I have an Oxford English Dictionary – the unabridged one. It’s the version you need a huge magnifying glass to read. My bookshelf is full of references – Roget’s Thesaurus (not the alphabetical one), Bartlett’s Quotations, Funk and Wagnall’s, Fowler’s Modern Usage, Brewer’s Dictionary of Phrase and Fable, Hammond’s World Atlas, and many others. Now, I don’t even have to go upstairs and take them off the shelf to look something up – they’re all online. Research takes less time now; yet, students complain about having to look up and read information, even when it appears after a few clicks. Information you don’t have to work for is far less interesting than a book that takes weeks to arrive.

There are a lot of other things I can do now without budging from the couch: I can tell what the temperature is outside (I used to open the door to do that), I can find out what I’m not watching on television, download books, see how level my coffee table is, do my Christmas shopping, and look at a satellite view of the house where I grew up. All this information comes to my on my phone. It wasn’t so long ago that you could make the excuse, “I couldn’t call – I was stuck in traffic.” That time stuck in traffic was golden; I could spend it thinking about anything or nothing. I didn’t have to get on the phone and start getting stuff done.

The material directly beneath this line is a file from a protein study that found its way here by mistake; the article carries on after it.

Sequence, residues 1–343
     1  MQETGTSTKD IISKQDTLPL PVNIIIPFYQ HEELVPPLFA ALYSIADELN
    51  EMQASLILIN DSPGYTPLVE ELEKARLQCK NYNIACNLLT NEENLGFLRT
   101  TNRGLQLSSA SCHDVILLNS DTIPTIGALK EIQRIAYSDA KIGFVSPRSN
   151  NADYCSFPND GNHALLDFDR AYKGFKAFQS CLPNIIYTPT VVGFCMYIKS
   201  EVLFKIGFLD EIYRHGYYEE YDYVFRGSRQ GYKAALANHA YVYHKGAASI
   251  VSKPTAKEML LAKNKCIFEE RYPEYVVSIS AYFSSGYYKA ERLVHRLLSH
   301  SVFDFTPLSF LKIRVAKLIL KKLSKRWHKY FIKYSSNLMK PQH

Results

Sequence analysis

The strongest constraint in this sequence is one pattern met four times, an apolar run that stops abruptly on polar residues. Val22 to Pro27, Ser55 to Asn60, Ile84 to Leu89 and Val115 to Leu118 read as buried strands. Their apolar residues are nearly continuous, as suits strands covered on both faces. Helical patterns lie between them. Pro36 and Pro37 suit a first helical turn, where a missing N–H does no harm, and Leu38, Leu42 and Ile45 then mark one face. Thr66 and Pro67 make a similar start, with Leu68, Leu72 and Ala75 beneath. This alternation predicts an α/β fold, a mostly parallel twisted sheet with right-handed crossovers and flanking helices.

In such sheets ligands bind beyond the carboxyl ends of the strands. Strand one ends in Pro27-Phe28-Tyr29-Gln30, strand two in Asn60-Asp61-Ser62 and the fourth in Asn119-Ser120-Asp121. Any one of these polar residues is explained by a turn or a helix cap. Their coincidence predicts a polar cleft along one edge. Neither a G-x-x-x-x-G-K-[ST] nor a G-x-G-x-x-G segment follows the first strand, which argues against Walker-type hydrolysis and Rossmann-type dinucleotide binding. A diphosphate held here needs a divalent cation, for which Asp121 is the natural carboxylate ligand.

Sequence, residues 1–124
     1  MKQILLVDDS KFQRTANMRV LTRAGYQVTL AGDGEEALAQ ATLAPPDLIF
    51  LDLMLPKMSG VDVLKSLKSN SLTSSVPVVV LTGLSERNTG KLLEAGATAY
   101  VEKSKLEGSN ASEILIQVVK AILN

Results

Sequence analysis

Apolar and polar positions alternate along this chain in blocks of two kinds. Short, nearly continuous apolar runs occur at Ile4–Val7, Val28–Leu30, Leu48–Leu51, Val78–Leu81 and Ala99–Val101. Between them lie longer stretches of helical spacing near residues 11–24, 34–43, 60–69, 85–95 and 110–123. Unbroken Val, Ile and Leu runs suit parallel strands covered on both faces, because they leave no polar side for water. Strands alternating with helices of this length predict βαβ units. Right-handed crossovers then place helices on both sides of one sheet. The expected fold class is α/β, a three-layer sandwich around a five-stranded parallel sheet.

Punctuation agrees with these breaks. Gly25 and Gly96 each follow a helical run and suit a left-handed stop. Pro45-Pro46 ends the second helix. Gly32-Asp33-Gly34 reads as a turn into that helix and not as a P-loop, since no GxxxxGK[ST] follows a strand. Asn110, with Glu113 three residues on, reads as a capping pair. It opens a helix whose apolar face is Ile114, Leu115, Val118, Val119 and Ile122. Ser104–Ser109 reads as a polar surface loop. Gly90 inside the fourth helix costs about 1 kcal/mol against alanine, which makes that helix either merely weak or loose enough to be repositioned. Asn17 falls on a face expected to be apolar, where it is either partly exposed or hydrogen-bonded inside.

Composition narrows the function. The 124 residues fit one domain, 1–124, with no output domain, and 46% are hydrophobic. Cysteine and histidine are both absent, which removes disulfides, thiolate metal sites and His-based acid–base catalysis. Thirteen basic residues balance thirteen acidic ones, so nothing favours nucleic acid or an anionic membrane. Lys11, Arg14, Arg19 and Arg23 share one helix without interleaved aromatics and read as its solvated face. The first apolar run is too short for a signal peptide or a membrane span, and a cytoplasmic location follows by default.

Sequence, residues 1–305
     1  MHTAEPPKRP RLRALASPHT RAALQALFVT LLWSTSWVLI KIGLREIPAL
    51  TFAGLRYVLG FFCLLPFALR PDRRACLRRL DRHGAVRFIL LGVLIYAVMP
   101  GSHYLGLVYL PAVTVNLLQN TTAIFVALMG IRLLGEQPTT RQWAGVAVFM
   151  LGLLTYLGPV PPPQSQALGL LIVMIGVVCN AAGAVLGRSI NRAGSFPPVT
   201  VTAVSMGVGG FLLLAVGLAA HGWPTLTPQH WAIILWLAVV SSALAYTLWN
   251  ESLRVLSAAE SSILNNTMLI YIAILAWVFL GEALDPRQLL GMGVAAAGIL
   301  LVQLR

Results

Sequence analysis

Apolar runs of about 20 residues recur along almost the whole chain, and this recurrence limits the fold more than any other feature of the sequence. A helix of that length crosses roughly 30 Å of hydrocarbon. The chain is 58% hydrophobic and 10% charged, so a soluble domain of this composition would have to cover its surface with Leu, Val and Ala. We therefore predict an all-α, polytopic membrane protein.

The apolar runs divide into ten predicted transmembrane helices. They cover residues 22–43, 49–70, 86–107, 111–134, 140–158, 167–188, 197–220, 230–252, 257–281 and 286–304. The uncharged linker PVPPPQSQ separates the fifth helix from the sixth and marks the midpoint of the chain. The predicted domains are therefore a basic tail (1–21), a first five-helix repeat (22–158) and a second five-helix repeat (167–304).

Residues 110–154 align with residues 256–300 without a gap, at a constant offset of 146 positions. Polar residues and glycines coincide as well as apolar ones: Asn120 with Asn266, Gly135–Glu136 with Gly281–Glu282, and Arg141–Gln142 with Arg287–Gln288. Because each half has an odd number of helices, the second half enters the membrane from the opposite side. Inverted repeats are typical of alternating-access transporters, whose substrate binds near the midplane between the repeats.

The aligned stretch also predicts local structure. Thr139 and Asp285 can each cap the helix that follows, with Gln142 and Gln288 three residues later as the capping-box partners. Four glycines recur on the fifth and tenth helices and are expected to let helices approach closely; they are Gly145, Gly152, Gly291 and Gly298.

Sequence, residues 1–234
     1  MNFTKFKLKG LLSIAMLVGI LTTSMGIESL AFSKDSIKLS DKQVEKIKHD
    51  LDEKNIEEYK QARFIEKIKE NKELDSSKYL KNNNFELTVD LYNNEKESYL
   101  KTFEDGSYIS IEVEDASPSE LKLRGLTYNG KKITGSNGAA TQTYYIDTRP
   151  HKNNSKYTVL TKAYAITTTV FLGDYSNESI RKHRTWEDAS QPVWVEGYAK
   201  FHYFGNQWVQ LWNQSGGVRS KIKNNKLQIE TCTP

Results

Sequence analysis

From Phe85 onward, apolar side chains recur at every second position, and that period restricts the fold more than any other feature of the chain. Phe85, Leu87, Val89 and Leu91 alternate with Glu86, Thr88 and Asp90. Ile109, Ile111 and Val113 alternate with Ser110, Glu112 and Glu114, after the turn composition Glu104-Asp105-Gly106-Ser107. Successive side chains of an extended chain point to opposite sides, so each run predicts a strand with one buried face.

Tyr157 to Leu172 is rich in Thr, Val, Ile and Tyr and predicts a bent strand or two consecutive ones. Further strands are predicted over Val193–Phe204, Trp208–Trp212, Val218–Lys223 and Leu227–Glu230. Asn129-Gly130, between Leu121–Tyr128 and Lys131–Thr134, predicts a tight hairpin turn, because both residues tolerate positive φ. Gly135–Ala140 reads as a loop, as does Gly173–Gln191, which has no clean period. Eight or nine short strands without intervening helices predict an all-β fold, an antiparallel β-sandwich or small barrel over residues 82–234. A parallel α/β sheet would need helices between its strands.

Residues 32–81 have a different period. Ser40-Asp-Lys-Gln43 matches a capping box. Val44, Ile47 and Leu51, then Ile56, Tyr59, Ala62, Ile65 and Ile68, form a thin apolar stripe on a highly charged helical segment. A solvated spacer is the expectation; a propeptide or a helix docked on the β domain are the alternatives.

Lawyers make money off of time. When I worked for a law firm, I had to bill my time in 15-minute increments, which meant that I had to write down everything I did during a day and how long it took. Good days were those where I had a lot to keep me busy; having nothing to do was deadly slow.

If I write down everything I do in a day at home, I can immediately see why I don’t get things done. There are too many distractions eating up my minutes. I watch little television, but I do spend time reading Wikipedia, following one link after another, fascinated by all the information there. I don’t spend time in chat rooms or emailing people, or texting them. Nor do I play video games.

But I do spend hours staring at my macbook, twiddling around the words I’ve written. You can’t do that on a typewriter, which requires correction tape for twiddling. It can take me an hour to write a paragraph when I get into this mode. When I finally look at the clock, I’m amazed at how the minutes have flown by.

I used to feel guilty about the number of hours I spend writing stuff that doesn’t get published, but now that I realize what’s happening to the universe, I’m going to take advantage of slow time. While the microwave boils water for my tea, I will finish my novel – even if I have to write it on my phone.